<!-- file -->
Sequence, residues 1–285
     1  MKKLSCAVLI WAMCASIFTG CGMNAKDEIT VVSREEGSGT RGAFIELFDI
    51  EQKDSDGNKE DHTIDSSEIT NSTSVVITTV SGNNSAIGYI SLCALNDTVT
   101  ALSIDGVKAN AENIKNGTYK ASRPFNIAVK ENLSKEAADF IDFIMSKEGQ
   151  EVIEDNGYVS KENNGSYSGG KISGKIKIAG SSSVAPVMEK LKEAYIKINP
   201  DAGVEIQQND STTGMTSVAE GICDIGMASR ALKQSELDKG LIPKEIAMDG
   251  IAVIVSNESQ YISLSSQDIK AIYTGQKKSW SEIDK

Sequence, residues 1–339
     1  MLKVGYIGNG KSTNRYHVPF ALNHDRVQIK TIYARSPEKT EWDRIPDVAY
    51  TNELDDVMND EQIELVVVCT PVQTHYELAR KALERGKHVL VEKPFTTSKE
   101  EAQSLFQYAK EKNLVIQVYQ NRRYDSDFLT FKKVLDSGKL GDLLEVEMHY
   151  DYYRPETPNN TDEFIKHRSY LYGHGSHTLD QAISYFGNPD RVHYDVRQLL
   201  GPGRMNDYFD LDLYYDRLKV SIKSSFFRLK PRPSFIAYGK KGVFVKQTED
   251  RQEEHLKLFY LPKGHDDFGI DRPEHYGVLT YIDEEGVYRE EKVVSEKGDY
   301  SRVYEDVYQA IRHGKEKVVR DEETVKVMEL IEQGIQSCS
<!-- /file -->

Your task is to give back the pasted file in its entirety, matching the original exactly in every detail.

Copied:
Sequence, residues 1–285
     1  MKKLSCAVLI WAMCASIFTG CGMNAKDEIT VVSREEGSGT RGAFIELFDI
    51  EQKDSDGNKE DHTIDSSEIT NSTSVVITTV SGNNSAIGYI SLCALNDTVT
   101  ALSIDGVKAN AENIKNGTYK ASRPFNIAVK ENLSKEAADF IDFIMSKEGQ
   151  EVIEDNGYVS KENNGSYSGG KISGKIKIAG SSSVAPVMEK LKEAYIKINP
   201  DAGVEIQQND STTGMTSVAE GICDIGMASR ALKQSELDKG LIPKEIAMDG
   251  IAVIVSNESQ YISLSSQDIK AIYTGQKKSW SEIDK

Sequence, residues 1–339
     1  MLKVGYIGNG KSTNRYHVPF ALNHDRVQIK TIYARSPEKT EWDRIPDVAY
    51  TNELDDVMND EQIELVVVCT PVQTHYELAR KALERGKHVL VEKPFTTSKE
   101  EAQSLFQYAK EKNLVIQVYQ NRRYDSDFLT FKKVLDSGKL GDLLEVEMHY
   151  DYYRPETPNN TDEFIKHRSY LYGHGSHTLD QAISYFGNPD RVHYDVRQLL
   201  GPGRMNDYFD LDLYYDRLKV SIKSSFFRLK PRPSFIAYGK KGVFVKQTED
   251  RQEEHLKLFY LPKGHDDFGI DRPEHYGVLT YIDEEGVYRE EKVVSEKGDY
   301  SRVYEDVYQA IRHGKEKVVR DEETVKVMEL IEQGIQSCS